WS-Transfer, like WS-RF, models
the projected state explicitly through
an XML document accessible via an
EPR. However, the only operations defined on that state are, as per the CRUD
(create, retrieve, update, and delete) architectural style: create a new resource
state representation by supplying a
new XML document; get an entire resource state representation; put a new
resource state representation to replace an existing one; and delete an existing state representation. Distributed, resource-oriented applications are
then built by using these operations to
exchange state representations.
The WS-Transfer specification was
developed by an industry group led
by Microsoft and has recently been
submitted to the World Wide Web
Consortium (W3C) for standardization. Other specifications, notably WS-Eventing and WS-Management, build
on WS-Transfer. As we will see later,
WS-Transfer and WS-RF differ only in
minor technical details; they arguably
owe their separate existence more to
industry politics than technical considerations. Fortunately, there seems
to be industry support for an integration of the WS-Transfer and WS-RF
approaches, based on a WS-Transfer
HTTP is an application protocol
implementing a resource-oriented approach to building distributed systems.
It has been described as an implementation of the REST architectural style.
Like WS-RF and WS-Transfer, HTTP
implements a resource-oriented approach to building distributed systems.
According to REST, a small set of verbs/
operations with uniform semantics
should be used to build hypermedia
applications, with the Web being an example of such an application. The constraints applied through the semantics
of these operations aim to allow applications to scale (for example, through
caching of state representations). State
representations are identified through
a URI. HTTP defines simple verbs—
such as POST, PUT, GET, DELETE—
and headers to enable the implementation of applications according to REST
principles. XML is just one of the many
media formats that HTTP can handle.
Finally, in the “no conventions for
managing state” approach (“no-con-
table 2: the eight operations considered in our comparison of different approaches.
1 Create new job
2 retrieve state
A client requests the creation of a new job by sending a job creation
request to a job factory service responsible for creating new jobs.
upon success, a job handle is returned that can be used to refer to
the job in subsequent operations.
retrieve all state information associated with a specified job
(e.g., execution status, resource allocation, program name).
determine the execution status (e.g., active, suspended) of
a specified job.
extend the lifetime of a specified job.
request notification of changes in the state of a specified job.
suspend a specified job.
terminate a specified job.
Apply the terminate operation to all jobs that satisfy certain criteria, such
as those belonging to a particular client, those with a particular total
execution time, those with a specific current execution status,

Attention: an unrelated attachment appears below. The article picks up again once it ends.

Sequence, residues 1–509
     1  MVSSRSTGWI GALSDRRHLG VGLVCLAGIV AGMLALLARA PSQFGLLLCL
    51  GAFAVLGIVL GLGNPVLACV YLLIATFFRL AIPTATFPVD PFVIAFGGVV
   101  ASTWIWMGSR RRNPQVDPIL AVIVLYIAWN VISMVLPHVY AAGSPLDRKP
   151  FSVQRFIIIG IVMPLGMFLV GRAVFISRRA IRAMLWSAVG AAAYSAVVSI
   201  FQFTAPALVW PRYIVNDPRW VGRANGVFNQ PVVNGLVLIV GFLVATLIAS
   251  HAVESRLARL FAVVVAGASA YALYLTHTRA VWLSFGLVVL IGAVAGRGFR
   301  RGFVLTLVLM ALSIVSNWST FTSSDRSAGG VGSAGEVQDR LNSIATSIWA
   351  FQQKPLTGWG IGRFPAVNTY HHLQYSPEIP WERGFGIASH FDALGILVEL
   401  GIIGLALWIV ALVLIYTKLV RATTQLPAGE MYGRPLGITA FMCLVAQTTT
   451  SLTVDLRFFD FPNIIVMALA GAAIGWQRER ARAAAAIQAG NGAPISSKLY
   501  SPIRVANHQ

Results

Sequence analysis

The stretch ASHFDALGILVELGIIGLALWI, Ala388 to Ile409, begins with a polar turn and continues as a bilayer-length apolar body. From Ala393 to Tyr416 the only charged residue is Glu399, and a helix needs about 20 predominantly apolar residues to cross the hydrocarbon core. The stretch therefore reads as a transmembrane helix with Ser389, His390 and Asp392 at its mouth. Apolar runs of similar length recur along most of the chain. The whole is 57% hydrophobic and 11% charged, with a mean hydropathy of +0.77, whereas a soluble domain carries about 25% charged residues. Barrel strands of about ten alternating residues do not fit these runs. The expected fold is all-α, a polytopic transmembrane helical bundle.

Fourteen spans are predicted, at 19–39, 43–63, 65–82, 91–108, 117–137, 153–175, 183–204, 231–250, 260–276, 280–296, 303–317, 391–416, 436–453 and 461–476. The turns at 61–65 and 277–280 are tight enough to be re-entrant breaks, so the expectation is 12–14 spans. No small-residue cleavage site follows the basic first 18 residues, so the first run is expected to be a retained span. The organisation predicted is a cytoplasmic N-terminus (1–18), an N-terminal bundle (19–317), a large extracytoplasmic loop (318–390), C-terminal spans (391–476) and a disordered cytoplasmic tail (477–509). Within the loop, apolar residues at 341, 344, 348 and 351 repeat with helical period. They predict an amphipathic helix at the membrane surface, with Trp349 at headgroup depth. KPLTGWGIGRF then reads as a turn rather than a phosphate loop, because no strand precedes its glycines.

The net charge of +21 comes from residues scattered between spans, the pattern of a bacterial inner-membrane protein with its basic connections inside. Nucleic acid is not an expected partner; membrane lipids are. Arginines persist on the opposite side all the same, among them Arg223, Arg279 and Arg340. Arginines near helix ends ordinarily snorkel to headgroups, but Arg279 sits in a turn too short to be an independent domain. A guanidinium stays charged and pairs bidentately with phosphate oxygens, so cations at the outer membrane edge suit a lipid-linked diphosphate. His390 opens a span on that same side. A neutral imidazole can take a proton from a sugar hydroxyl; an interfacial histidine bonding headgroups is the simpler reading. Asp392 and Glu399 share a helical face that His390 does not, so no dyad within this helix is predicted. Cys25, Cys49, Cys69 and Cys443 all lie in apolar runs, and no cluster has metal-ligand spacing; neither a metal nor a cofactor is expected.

or those with explicitly identified job handles.
ventions” in the following), 6 there are
no such concepts as operations, interfaces, classes, state, clients, or servers.
Instead, applications are built through
the exchange of one-way messages between services. Semantics to the message exchanges (for example, whether
a message can be cached or whether a
transactional context is included) are
added through composable protocols.
State representations are not fundamental building blocks. Instead, resources should be identified through
URIs (or URNs) inside the messages,
leaving it up to the application domain-specific protocols to deal with state
management. Although any asynchronous messaging technologies could be
used in implementations following this
style, we consider here an implementation based on Web services protocols,
however, without the introduction of
We use a simple example to provide
a more concrete comparison of these
four approaches. The example is a job
management system that allows clients
both to request the creation of computational tasks (“jobs”) and to monitor
and control previously created jobs. It
provides the eight operations listed in
Table 2, which we choose to represent
as a range of typical state manipulation
operations. In each case, a client makes
the request by sending an appropriate
message to the job management system and then expects a response indi-
cating success or failure.
Operation 1 creates a new job and
returns a handle that can be used to
refer to the job in subsequent operations. Parameters specify such things
as required resources, an initial lifetime for the job, and the program to be
Operations 2–7 support some archetypal job monitoring and control functions on a single job.
Operation 8 is an example of an interaction that may relate to multiple
jobs. The set of jobs to which the operation is to be applied might be specified
either in terms of job characteristics or
by supplying a set of job handles.
In the discussion that follows, we
show how our four approaches can be
used to build a service that supports
these eight tasks. As we shall see, each
approach not only has in common that
the “job factory service” is a network
endpoint to which job creation and
certain other requests should be directed, but also is distinguished from
the other approaches in terms of:
˲ Its syntax (that is, how the job handle should be represented and how operations on the job should be expressed
˲ Its use (or not) of conventions
defined in existing specifications for the
purpose of defining its syntax.
The distinction made here between
syntax and conventions may appear
unimportant, but we emphasize it so